Seam 60 is formed similarly to the rest of the seals, and seals toe area 62 from the remainder of the insole. The toe area is not air tight and is not filled with liquid because the toes do not support a significant portion of the body weight. Therefore seam 60 together with seam 16 defines the outer boundary of the liquid containing portion of the insole.

The above described embodiment of the invention provides a useful and comfortable insole, however the invention should not be limited by the above disclosed embodiment, but should be solely limited by the claims that follow.

Patent Citations
Cited PatentFiling datePublication dateApplicantTitle
US1093608 *May 5, 1913Apr 21, 1914Bernard DelaneyArch and heel support and insole.
US3795994 *May 4, 1971Mar 12, 1974Dall Ava YAir-cushion socks
US3871117 *Apr 17, 1973Mar 18, 1975Richmond Rex EFluid filled insoles
US3922801 *Jul 16, 1973Dec 2, 1975Zente Patrick ThomasLiquid filled orthopedic apparatus
US4115934 *Feb 11, 1977Sep 26, 1978Hall John MLiquid shoe innersole
US4471538 *Jun 15, 1982Sep 18, 1984Pomeranz Mark LShock absorbing devices using rheopexic fluid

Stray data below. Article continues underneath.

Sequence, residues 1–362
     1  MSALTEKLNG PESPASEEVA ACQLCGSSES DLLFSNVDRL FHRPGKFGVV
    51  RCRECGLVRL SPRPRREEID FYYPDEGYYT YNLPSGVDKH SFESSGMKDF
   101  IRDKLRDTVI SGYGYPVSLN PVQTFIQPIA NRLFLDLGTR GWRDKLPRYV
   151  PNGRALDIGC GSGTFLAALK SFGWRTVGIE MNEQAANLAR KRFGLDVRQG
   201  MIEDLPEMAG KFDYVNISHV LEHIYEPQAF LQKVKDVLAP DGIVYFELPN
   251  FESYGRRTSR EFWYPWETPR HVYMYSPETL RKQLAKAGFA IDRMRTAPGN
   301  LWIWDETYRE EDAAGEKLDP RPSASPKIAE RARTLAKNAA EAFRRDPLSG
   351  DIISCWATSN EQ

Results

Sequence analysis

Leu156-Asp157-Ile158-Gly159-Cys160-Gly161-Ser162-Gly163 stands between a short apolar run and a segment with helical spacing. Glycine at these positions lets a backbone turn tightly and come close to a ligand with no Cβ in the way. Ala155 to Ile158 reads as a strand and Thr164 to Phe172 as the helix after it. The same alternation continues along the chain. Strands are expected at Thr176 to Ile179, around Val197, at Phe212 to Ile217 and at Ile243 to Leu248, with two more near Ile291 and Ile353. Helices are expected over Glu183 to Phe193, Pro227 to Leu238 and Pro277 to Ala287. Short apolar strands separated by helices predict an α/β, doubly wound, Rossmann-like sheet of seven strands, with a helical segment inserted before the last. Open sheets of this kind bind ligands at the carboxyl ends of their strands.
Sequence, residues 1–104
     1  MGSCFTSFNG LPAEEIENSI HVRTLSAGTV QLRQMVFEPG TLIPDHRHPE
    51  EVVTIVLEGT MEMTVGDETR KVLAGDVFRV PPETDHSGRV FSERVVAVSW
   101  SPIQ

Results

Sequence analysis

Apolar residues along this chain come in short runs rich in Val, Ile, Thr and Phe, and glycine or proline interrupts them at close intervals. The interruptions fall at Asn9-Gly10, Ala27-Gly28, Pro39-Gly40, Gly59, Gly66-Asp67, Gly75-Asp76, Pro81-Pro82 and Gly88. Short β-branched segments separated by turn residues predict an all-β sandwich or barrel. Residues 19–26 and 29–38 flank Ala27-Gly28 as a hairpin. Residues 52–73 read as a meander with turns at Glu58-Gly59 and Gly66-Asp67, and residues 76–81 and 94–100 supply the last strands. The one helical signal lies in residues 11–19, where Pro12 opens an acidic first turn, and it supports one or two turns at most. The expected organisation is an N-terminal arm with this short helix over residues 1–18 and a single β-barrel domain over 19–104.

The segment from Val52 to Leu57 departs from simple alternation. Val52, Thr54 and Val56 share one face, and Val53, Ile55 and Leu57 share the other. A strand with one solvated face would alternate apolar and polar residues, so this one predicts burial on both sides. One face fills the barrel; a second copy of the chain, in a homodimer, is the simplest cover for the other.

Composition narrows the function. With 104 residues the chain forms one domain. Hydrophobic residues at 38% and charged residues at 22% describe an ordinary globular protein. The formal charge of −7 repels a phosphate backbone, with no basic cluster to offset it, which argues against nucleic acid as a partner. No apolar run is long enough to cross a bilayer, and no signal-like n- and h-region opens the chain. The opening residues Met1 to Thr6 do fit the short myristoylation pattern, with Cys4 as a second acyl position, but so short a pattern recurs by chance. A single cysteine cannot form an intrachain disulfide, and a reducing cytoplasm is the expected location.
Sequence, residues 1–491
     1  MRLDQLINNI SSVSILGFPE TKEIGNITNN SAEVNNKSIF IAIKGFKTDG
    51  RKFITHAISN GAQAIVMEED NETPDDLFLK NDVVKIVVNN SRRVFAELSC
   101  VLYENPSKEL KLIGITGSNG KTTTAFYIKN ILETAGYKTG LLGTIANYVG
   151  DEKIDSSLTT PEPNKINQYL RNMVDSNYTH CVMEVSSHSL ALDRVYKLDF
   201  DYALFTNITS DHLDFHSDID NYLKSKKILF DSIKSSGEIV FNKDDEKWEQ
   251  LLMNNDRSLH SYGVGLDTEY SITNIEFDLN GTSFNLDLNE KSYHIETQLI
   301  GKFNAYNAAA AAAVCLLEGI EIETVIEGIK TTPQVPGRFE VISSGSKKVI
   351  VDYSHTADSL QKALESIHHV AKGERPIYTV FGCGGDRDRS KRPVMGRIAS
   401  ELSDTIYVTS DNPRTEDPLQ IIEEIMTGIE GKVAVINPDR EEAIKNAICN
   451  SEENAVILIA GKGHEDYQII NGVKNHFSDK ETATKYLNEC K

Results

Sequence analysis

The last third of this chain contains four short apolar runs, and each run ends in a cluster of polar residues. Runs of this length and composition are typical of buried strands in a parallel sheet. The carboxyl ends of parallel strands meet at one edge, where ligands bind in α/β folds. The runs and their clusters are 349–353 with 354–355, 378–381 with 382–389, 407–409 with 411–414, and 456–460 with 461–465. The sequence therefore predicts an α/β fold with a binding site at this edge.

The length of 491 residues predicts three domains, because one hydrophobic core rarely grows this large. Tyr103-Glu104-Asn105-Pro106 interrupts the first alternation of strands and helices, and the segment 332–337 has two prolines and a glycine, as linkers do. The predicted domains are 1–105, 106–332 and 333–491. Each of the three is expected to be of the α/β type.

Referenced by
Citing PatentFiling datePublication dateApplicantTitle
US4768295 *Nov 16, 1987Sep 6, 1988Asics CorporationSole
US4802289 *Mar 25, 1987Feb 7, 1989Hans GuldagerInsole
US4934070 *Mar 10, 1989Jun 19, 1990Jean MaugerShoe sole or insole with circulation of an incorporated fluid
US4934072 *Apr 14, 1989Jun 19, 1990Wolverine World Wide, Inc.Fluid dynamic shoe
US4991317 *Mar 14, 1989Feb 12, 1991Nikola LakicInflatable sole lining for shoes and boots
US5025575 *Oct 27, 1989Jun 25, 1991Nikola LakicInflatable sole lining for shoes and boots
US5067255 *Dec 4, 1990Nov 26, 1991Hutcheson Robert ECushioning impact structure for footwear
US5101580 *Jun 13, 1991Apr 7, 1992Lyden Robert MPersonalized footbed, last, and ankle support